I was recently surprised and a little bit dismayed when I read that kids at a certain school were going hungry because they were either skipping out on lunch or simply throwing the food provided for them into the garbage. The reason? The food was deemed inedible because it was too healthy.

Their concerned parents voiced their objections by targeting the school for offering unappealing fare like fresh fruits, vegetables, and whole grains, and even went so far as to blame First Lady Michelle Obama, who has made it her mission to fight childhood obesity.

While I think it's a shame that growing children are going hungry, childhood obesity is a real problem that is worthy of our attention. According to the CDC, 12.5 million American children (17%) between the ages of 2 and 19 are obese. There was even the unbelievable story about a child who had gastric bypass surgery at the age of 2.

Schools are simply complying with the Healthy and Hunger Free Kids Act of 2010. However, as any parent knows, it is hard to get their kids to eat healthy meals if they have snacks and junk food waiting for them at home. Rather than blame their school, maybe it wouldn't be such a bad idea if the kids had better eating habits at home. Getting children to embrace a healthier diet is a challenge, but it is not impossible. It simply requires a little effort and some common sense.

Here are 10 helpful tips on how to get it done.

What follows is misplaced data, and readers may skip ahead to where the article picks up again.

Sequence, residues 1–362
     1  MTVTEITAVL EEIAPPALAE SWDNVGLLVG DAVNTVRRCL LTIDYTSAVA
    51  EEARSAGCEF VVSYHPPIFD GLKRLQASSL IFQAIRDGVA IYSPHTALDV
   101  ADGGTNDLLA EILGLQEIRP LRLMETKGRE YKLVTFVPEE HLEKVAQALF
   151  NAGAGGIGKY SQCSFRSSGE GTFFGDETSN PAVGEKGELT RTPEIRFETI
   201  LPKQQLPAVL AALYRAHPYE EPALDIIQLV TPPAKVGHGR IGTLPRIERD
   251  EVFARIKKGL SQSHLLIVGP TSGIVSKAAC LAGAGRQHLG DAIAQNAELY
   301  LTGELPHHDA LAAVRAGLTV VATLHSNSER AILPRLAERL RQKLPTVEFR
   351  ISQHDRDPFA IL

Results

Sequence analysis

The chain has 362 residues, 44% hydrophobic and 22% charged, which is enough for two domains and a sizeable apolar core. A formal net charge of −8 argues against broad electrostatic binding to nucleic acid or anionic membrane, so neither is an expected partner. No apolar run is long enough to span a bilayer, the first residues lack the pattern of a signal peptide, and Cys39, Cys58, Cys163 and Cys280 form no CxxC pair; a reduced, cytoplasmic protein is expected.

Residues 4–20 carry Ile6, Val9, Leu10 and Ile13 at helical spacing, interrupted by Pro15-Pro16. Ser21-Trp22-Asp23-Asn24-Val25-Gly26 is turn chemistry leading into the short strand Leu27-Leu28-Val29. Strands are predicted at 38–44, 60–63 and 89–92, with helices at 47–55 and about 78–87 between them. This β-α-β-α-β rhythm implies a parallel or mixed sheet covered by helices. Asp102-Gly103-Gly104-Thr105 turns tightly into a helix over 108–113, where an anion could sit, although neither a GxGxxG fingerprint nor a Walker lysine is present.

1. Set precedents that will last.

Encourage healthy eating habits by offering sensible and healthy foods at home. Establish the ground rules that this is how your family is going to eat and that your kids don't have a choice.

2. Stand your ground.

Every kid likes junk food, and will opt out of healthy foods when given the choice, so don't make it a choice. Be strong in the face of your children's resistance — it will wane over time.

3. Start early.

Once you give your kids cookies for breakfast and potato chips for lunch, they will expect it. Offering fresh fruits and vegetables early on is what they'll accept as the norm.

4. Don't try to be popular — be a parent.

One of the hardest things in parenting is when you make unpopular choices that incur the wrath of your kids. Just remember, you're older and know more than they do.

5. Drink water.

Sweetened drinks add an incredible number of calories to a meal. Plus, liquid calories are much easier to mindlessly consume, and they taste good, so avoid them when possible. Water is much cheaper as well.

6. Embrace moderation.

Even with healthy food you can have too much of a good thing, which can be counterproductive. Some sweets and treats are OK, as long as healthy foods are the focus of your child's diet.

7. Make it taste good.

Healthy foods don't have to taste awful. Check out vegetarian cookbooks for ideas on spicing up vegetables and grains, and lean meats can be made to taste great.

8. Set a good example.

What child wants to eat broccoli when mom and dad are having hot dogs? Not only will parents benefit from a healthier diet, but it will send a positive message about a good diet.

9. Be active.

Walk when you can, and make the kids get off the couch and out the door. Every health expert knows of the importance of exercise, and kids will have fun once they get outside.

10. Turn off the TV.

Let's be realistic, TV is all about being sedentary and watching advertisements, and what is one of the most common themes? Junk food ads aimed at kids. With the TV off, not only are you avoiding these enticing ads, but it increases the chances of being active.

In the end, eating healthy is not as complicated as you think. In fact, I would bet most people know what's required. It's the next step of actually doing it where things get complicated, but what's a little complication when it involves the health of your children?

To learn more about your child's diet, talk to you pediatrician visit the website for the Center for Disease Control and Prevention (CDC).